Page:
• Write yourself a “permission slip” to be less perfect, a little more selfish, or to do something nice for yourself.

5. Rethink your strengths and weaknesses

You might think about your strengths and weaknesses as opposites, but they are almost always connected. Strengths and weaknesses are just characteristics expressed in either a helpful or unhelpful way. Try making a list of your strengths and weaknesses, and then think of the upside of each weakness and the downside of each strength.

Use these examples to get started:

  • Honesty could be a weakness if you are too blunt or direct, but a strength when it causes you to act with integrity.
  • Loyalty could be a weakness if it causes you to put other people’s needs before your own or a strength that helps you stand out as reliable and trustworthy.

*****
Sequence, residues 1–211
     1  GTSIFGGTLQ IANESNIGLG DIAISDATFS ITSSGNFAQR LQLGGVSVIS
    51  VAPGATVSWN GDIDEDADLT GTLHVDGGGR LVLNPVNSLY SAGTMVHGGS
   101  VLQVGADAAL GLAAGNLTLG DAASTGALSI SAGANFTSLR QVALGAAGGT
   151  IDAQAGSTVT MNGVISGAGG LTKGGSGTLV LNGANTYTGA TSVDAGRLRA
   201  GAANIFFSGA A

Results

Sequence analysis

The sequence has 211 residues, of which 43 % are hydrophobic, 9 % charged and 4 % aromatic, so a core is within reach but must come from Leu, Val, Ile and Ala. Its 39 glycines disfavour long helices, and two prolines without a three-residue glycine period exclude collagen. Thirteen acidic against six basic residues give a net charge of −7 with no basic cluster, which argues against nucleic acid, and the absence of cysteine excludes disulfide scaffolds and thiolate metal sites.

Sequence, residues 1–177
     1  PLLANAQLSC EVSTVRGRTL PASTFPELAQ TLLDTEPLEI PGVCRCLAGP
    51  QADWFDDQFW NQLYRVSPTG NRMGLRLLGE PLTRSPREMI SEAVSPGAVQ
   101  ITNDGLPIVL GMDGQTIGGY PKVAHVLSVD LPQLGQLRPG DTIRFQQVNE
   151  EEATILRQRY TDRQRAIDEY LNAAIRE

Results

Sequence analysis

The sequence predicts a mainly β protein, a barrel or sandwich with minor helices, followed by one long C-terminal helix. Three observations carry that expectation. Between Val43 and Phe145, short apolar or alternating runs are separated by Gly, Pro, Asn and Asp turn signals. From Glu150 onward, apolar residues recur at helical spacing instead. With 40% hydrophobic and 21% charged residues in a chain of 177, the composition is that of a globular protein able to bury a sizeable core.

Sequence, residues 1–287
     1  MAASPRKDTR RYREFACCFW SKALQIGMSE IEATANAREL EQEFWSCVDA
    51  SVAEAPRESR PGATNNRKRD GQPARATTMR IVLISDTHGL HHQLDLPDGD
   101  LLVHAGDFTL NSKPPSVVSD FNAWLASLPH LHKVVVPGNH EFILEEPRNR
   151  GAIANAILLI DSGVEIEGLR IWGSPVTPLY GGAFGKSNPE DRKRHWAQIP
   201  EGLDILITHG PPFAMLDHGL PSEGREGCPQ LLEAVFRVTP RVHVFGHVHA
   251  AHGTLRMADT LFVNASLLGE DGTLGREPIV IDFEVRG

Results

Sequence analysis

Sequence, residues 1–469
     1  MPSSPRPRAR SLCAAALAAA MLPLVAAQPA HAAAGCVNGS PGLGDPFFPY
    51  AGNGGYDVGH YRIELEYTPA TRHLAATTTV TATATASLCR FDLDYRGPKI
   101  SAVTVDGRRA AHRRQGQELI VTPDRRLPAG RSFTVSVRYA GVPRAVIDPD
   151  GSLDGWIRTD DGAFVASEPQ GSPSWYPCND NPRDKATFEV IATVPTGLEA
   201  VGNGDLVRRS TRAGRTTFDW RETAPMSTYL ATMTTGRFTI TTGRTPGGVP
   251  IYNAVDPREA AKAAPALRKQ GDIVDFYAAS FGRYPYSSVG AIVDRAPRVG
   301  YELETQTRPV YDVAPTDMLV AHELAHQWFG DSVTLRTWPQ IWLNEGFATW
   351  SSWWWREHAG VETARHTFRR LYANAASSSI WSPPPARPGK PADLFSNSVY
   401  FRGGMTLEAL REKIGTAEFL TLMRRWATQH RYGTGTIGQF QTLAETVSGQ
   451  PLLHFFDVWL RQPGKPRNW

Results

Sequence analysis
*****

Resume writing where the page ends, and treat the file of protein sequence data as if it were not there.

• Sensitivity could be a weakness when you take things too personally, but also a strength that helps you be more aware of your feelings and the feelings of others.
  • Controlling could be a weakness when you try to control things outside of you, but a strength that helps you be cautious, organized, and on top of things.
  • Laziness could be a weakness when you procrastinate but a strength that helps you be relaxed, laidback, and easygoing.

Your strengths and weaknesses are really just tools in your toolbox. A hammer can be used to build things, destroy them, or even as a weapon you use against yourself. It’s easier to accept your “flaws” when you see them as tools that can be helpful in certain situations.

6. Stop monitoring and judging yourself

According to research, people who feel inauthentic spend a lot of time self-monitoring, judging, and criticizing themselves.[5] You might feel like you have an inner hall monitor that watches and judges every thought, word, and action. When your hall monitor is around, you might be overly careful about everything you say or do, making it hard to be real with people.